Dalgliesh returns a book of poetry by Thomas Hardy, which Michael had borrowed, and they chat about Dalgliesh’s own writing. But she tells him one significant fact: Michael, following her confession, removed his stole and left it. Grace's other job, running the mailing list of Graystone’s supporters (it's the 1970s when you had to type up mailing labels. On a typewriter). She has the list memorized, likes to imagine people’s appearances from their names, and takes pride and pleasure in her work. But she confesses to Dalgliesh that she, too, received a poison-pen letter and recognizes the individual marks that identify it as a product of her typewriter.

Wilfred (Steven Mackintosh) addresses his flock. Left to right: Maggie (Mirren Mack), Ursula ( (Shannon Murray), Henry (George Robinson), and Dennis (Paul Mallon).

Wilfred (Steven Mackintosh) addresses his flock. Left to right: Maggie (Mirren Mack), Ursula ( (Shannon Murray), Henry (George Robinson), and Dennis (Paul Mallon).

© Dalg Productions Ltd/Acorn TV

Julius (Jonjo O’Neill), an old school friend of Wilfred’s, a former diplomat, has villain written all over him. He introduces Adam to patient Henry (George Robinson), who has made a very lifelike clay model of Wilfred’s head and shy, awkward handyman Dennis. Julius also tells Dalgliesh the story of how Wilfred, sick and apparently incurable by modern medicine, went on a pilgrimage to Lourdes and returned fit and healthy. It was then he decided to convert his family home to a nursing facility, and twice every year, a group pilgrimage is made to Lourdes, using the new minibus Julius bought. Wilfred is very enthusiastic about visits to Lourdes.

Dalgliesh is invited to lunch, and meets Maggie’s husband, medical officer Eric Newson (John Hollingworth), and patients Jennie (Storme Toolis) and Ursula (Shannon Murray). He then explores the grounds, where Wilfred explains that the door is always kept open since his great-grandfather restored the tower and, awaiting the Revelation, walled himself up alive. Wilfred now uses the tower for meditation. Simon, to whom Victor was particularly unpleasant, claims Victor told him to leave, and he retreated too far away to save him.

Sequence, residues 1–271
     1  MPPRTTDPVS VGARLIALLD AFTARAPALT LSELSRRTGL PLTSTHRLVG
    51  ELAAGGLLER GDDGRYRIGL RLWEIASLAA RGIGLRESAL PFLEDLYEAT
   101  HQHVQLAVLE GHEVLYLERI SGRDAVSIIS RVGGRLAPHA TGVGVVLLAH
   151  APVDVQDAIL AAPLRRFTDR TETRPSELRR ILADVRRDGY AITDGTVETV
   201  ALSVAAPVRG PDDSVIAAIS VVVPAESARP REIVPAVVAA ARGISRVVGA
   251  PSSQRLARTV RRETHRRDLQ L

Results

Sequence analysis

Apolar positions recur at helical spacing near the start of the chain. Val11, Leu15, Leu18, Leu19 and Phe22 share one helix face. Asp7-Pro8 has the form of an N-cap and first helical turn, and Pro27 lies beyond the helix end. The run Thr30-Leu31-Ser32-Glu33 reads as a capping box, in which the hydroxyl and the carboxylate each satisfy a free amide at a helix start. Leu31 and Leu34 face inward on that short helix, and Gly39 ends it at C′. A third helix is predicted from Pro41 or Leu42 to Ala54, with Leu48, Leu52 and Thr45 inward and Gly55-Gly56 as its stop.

As Dalgliesh heads to the local police, Maggie flings herself into the car and demands a lift into town; hanging out of the car window like an eager Labrador, tells Dalgliesh that she liked Victor and enjoyed his savage wit. In town, DI Daniel (Barry Aird) assures Dalgliesh it was suicide and has Kate Miskin (Carlyss Peer) show him out. But Kate disagrees with her boss and will dig around for Dalgliesh. Back at the facility, the Black Tower is on fire. Dalgliesh and Daniel run to the building and find the door locked, break it down, and discover Wilfred inside.


Sgt. Kate Miskin (Carlyss Peer) defies her superior officer to help Dalgliesh find the truth.

A woman is on the job! Sgt. Kate Miskin (Carlyss Peer) defies her superior officer to help Dalgliesh find the truth.

© Dalg Productions Ltd/Acorn TV

Julius holds a dinner party, where Maggie invites Dalgliesh to dance and breaks a glass, effectively ending the party. Adam takes a drunken Henry home, who confesses he was in love with a patient Peter, who Wilfred sent away. Victor found out Peter died. Henry also has a poison-pen letter, as does Eric; he had an affair with Maggie — covered up by Wilfred, who forced them to marry. Maggie still loves Eric, whereas he regards her as an embarrassing liability. And then Grace is murdered. Dalgliesh uses his seniority to get the post-mortem, but the sulky pathologist claims the question should be why she was still alive.